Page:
Designing HTML emails
Note: Instead of building your e-mails manually as described below, you probably want to use a tool like MJML.
The 90s are calling: they want their tables back. Unfortunately, you need them all for laying out your HTML emails.
Email client HTML rendering is way more scattered than browser HTML. While you might have a pretty good understanding of what features and patterns you can use to support all major browsers, I doubt anyone masters this craft for HTML email clients.
The only way to ensure your email looks good (acceptable, at least) in all mail clients, is to check it. Litmus is your go-to solution for this (see below). While they actually offer a lot more, you can think of it as a "Browserstack for mail clients".
- Use tables for layouting. Use these HTML attributes:
- Many mail clients do not support external style sheets. Some even require all styling inline, which means you'll have to do your styling inline. For Rails applications, you can use Roadie or premailer, which lets you keep your well-structured CSS files and do the inlining for you.
- Provide a suitable
alttext for images, and style it! Many email clients may refuse to load images for an unknown sender. Descriptive
alttexts will help the user decide if they want to keep your email. Also, a simple styling will greatly improve the "no images" experience. Start with styling
coloron your images.
Even the most innocent change can break rendering for some devices. Known issues:
- Some Android mail clients truncate horizontal padding and widths to make the email more readable in their eyes. However, this breaks sophisticated designs. You can fix this by adding an element with a definite width, e.g. a row of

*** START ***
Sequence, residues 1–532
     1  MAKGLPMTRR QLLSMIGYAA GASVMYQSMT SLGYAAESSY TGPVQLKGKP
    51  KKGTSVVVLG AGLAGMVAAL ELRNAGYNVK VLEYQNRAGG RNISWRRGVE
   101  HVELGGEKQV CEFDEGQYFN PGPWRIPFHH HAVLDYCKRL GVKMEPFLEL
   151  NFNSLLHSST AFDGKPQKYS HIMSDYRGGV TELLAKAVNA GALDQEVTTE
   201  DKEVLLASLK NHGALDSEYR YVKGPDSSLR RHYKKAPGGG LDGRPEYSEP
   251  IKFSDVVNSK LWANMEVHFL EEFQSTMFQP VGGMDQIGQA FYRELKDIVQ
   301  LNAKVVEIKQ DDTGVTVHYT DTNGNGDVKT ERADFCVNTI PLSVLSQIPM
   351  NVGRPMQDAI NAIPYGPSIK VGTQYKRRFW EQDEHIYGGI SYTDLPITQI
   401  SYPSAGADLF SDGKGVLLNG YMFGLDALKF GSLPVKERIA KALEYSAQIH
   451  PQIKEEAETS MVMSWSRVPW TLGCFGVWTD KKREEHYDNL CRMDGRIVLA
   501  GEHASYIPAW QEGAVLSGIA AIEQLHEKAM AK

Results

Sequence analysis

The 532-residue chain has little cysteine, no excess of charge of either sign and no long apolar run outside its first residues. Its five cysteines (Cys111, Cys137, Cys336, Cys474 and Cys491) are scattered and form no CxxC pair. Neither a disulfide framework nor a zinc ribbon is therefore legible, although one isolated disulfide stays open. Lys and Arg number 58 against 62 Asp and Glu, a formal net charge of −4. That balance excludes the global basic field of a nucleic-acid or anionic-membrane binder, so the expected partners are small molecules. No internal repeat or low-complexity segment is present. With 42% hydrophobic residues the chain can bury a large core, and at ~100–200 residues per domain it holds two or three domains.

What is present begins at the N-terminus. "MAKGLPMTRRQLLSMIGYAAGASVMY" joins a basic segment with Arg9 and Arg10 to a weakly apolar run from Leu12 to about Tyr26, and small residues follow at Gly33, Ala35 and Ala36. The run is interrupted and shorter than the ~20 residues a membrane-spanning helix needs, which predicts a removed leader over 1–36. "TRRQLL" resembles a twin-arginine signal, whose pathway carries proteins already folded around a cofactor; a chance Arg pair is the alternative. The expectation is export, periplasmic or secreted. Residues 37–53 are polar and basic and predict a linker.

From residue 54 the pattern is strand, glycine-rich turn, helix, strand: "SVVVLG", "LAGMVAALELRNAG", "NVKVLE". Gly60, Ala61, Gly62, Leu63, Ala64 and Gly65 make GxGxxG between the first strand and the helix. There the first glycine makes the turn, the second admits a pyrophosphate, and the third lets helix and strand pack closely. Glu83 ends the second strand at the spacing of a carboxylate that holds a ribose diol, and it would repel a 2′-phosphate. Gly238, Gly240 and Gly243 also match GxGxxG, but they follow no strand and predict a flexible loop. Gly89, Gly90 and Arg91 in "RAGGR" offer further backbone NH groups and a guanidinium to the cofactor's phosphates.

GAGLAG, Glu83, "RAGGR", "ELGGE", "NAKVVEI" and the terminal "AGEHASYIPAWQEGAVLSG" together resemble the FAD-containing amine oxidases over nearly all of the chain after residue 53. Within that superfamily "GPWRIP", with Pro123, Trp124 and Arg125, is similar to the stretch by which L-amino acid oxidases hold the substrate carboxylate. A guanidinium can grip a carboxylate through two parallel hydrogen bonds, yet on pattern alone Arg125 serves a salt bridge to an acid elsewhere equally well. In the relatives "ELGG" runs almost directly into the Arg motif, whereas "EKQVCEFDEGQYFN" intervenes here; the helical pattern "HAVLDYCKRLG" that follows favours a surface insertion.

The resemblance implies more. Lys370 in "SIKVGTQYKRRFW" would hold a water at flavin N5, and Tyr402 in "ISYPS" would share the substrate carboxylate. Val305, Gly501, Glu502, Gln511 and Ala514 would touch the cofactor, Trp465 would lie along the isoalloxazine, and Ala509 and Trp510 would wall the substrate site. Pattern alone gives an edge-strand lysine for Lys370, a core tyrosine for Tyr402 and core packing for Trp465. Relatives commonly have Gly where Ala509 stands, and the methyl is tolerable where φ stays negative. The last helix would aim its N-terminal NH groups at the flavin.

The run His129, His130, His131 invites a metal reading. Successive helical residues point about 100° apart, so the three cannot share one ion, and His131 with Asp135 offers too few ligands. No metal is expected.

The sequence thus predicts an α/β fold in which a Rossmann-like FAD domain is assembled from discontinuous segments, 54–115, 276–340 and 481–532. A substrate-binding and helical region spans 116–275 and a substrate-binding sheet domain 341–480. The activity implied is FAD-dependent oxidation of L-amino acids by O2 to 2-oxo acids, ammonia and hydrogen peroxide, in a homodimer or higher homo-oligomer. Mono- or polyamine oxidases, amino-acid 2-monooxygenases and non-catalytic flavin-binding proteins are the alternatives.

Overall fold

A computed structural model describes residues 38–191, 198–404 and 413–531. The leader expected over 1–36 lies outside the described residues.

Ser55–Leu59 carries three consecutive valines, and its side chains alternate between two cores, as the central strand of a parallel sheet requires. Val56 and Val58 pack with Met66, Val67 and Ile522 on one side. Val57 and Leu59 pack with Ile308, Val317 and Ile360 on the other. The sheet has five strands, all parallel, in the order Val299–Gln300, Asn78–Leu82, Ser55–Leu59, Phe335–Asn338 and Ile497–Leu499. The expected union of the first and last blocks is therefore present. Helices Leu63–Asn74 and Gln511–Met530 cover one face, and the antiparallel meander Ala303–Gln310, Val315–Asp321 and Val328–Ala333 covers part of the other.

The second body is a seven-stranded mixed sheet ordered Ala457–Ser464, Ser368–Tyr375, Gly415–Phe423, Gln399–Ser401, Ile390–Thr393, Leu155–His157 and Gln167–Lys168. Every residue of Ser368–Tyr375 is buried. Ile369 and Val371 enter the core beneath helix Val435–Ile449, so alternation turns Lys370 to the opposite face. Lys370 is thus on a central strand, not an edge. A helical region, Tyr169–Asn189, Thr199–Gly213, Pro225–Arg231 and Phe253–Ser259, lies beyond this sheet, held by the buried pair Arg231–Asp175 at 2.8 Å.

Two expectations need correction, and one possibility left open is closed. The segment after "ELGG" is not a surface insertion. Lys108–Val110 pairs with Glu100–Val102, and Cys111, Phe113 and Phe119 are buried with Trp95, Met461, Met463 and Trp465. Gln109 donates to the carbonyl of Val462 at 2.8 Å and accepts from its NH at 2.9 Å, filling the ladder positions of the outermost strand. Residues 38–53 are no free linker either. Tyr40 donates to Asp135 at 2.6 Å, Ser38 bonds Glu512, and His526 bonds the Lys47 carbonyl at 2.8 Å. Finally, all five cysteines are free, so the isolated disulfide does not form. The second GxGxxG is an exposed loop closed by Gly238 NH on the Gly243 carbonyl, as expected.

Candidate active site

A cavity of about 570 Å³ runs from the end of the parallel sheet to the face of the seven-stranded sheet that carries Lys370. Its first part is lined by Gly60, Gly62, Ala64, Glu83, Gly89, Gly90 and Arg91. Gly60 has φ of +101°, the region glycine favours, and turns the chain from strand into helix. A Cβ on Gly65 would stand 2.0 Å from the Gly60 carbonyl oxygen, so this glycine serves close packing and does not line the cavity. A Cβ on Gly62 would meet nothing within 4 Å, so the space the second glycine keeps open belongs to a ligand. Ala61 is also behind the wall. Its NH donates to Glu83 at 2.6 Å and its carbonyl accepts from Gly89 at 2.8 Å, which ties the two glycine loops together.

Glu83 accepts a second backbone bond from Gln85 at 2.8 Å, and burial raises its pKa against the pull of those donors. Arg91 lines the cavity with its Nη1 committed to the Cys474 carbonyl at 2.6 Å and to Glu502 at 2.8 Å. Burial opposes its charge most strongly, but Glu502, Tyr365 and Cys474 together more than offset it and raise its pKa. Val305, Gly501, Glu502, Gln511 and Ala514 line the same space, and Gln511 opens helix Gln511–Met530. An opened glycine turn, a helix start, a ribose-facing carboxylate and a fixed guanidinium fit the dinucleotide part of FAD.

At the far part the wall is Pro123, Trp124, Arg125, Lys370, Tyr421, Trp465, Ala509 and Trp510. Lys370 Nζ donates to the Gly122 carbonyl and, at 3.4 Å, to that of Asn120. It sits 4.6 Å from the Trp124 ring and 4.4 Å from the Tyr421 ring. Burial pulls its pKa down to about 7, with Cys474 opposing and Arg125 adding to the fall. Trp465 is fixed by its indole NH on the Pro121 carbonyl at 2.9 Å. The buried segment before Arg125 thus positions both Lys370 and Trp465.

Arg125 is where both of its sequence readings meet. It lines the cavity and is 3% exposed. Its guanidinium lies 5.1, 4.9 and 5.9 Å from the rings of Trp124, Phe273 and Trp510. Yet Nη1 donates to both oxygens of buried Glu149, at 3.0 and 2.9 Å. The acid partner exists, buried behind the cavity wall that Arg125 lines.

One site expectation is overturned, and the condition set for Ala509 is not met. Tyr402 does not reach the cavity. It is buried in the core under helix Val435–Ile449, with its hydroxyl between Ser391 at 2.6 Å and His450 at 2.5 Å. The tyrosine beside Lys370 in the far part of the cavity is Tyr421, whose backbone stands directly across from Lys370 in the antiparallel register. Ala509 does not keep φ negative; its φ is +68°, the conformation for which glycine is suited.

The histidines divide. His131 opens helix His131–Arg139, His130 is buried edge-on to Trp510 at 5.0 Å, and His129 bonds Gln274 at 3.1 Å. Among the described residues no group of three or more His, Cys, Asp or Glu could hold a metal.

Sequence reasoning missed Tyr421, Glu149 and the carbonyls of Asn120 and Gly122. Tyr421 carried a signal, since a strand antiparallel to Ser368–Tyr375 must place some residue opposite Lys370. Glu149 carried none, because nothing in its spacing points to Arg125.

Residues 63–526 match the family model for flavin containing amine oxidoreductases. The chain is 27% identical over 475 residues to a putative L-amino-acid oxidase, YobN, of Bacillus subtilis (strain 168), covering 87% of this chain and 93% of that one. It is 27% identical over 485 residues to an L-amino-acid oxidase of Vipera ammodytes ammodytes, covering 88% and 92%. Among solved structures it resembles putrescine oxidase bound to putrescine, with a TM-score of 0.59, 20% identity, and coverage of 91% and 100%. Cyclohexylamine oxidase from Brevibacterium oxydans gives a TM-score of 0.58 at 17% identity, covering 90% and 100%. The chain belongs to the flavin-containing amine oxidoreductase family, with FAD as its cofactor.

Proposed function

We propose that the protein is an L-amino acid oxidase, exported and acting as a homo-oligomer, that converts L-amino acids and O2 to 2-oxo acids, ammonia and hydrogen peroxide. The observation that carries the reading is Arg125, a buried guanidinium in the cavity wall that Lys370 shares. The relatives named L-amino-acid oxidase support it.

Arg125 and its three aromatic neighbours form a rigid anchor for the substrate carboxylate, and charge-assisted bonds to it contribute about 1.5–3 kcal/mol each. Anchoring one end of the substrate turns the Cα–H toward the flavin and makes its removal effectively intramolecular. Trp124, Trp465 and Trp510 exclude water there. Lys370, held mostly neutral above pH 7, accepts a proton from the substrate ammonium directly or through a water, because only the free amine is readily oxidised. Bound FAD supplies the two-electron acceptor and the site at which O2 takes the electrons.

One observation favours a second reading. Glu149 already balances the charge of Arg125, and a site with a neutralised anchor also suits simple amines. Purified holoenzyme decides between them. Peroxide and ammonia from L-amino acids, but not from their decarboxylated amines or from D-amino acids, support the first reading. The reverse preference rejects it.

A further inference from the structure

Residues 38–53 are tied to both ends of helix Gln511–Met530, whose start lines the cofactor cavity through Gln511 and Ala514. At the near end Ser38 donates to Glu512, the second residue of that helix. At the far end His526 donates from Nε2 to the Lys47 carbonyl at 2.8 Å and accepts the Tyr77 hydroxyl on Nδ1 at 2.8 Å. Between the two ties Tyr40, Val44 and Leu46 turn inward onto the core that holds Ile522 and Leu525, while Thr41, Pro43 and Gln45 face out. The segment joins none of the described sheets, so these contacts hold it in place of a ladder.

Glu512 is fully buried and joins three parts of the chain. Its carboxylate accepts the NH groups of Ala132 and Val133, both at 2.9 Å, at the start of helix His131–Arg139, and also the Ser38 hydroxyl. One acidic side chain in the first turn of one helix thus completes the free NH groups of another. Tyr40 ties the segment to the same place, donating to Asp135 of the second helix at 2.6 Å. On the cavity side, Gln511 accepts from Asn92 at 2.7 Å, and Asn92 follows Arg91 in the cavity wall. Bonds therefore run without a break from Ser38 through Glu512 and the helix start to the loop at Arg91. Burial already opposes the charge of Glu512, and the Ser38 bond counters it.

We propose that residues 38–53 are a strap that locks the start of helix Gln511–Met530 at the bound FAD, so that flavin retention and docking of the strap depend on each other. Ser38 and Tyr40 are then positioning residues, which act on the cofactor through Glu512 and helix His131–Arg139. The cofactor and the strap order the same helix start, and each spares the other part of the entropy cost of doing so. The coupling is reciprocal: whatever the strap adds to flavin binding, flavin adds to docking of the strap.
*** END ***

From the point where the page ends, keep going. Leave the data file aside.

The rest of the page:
. Since it cannot be wrapped, these mail clients will resize the email as a whole, keeping your designs intact.
- Outlook will only respect image sizing when width and height are given as HTML attributes, not CSS, not even
- Outlook.com does not support margins. Create spacing by adding spare
- Thunderbird does not properly handle font color inheritance. In case a child element has an unexpected font color, set the color on that element explicitly.
- iOS creates thin hair lines between adjacent table cells with a background color. Fix by wrapping the whole table in a single styled table cell.
In a second tab, open a preview of your designed HTML mail. It's best to take it from Staging, so that assets (images!) will be available to litmus during rendering. For a preview during develoment, you can also use your local Rails mailer previews. Take the preview HTML source and paste it to Litmus.
When the builder project is created, you'll see a split pane with HTML on the left and a preview on the right (which shows your browser's rendering). Follow "Run Email Previews" in the top right, then "Configure Email Clients" in the top left. Make sure you've selected a representative set of clients.
Now check the renderings of all clients. Since you've taken the HTML from staging, you can't easily generate an update preview by updating your code. Instead, modify the HTML in Litmus and port your changes to your code once it renders correctly.
Make sure to also check the mail in "no images mode", as some mail clients block images for unknown senders: open a mail client preview in Litmus and toggle images with the button in the top left.
- Recent Apple Mail
- Recent IBM Notes
- Recent Outlook + Windows Mail
- Recent Android + Google Inbox + Gmail App
- iPhone 8, iPhone SE, iPhone X, iPad
- Gmail (IE)
- Select a few of the other web-based clients. Use IE, as it is the most likely to have rendering issues
Note that preview renderings are limited to 1000/month. With 15 Clients selected, each change to the HTML will trigger 15 renderings. When debugging a single client, you can deselect all others.